East Anderson Hardwood LLC: Providing Only the Finest Lumber
- Written by: East Anderson Hardwood LLC: Providing Only the Finest Lumber
- Produced by: East Anderson Hardwood LLC: Providing Only the Finest Lumber
- Estimated reading time: 5 mins
Roy Anderson founded his namesake Roy Anderson Lumber Company (Anderson Lumber) in Tompkinsville, Ky., in 1950. Now, Anderson Lumber has 200 employees across its two facilities – two lumber mills with dry kilns. East Anderson Hardwood LLC (East Anderson), a sawmill in Eubank, Ky., was added to the Anderson family’s booming hardwood lumber business in 2000, and it contributes to the family-owned business’s mission to produce only highest quality Appalachian hardwood lumber.
Building a Bigger Company, Log by Log
Anderson Lumber has increased production tremendously over the past six decades. Replacing Anderson Lumber’s stave mills with circular grade mills gradually increased production to 6 million board feet per year by 1996, and then Roy’s decision in the early ’90s to turn the direction of the business over to his two sons, Lowery and David Anderson, really shook things up.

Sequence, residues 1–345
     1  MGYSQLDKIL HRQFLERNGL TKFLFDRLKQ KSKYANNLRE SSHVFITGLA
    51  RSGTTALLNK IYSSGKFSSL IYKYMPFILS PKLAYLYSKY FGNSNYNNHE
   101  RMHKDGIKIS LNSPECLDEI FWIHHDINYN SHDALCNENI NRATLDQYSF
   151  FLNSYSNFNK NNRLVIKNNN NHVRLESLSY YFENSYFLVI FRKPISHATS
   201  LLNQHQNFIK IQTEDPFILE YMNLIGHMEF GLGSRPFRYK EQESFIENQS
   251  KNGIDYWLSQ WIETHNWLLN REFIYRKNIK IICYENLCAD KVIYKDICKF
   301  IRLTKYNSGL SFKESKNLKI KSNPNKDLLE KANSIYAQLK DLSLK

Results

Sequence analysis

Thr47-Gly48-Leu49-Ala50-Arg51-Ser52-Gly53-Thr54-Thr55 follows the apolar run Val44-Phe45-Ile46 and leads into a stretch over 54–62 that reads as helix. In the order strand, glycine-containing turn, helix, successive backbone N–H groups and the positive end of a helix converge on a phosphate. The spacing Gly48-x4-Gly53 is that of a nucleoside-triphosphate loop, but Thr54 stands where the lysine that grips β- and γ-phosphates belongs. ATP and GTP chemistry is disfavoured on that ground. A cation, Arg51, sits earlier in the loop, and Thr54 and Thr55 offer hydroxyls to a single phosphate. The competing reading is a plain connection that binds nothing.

Roy’s son Lowery Anderson left an unfulfilling law career to join his father in business, and eventually took over sales management of Roy Anderson Lumber and East Anderson in 1994. “I practiced law for seven months and decided that it wasn’t very interesting,” says Lowery. “I came back in 1990 and have done this ever since.”
Roy’s other son, David Anderson, has been with the company since 1989, and currently manages the Tompkinsville facility. This wasn’t either son’s first experience in the family business, however; prior to joining in official capacities, both sons worked for their dad throughout high school.
In 1991 the brothers founded the subsidiary dry-kiln business, and then built a brand-new bandmill facility in Tompkinsville (to replace the one opened in 1950). To top it off, Lowery and David decided in 2000 to purchase a second sawmill in Eubank – the company now known as East Anderson – which resulted in a whopping increase in production for the company. By 2005 Anderson Lumber was producing more than 45 million board feet of hardwood lumber annually.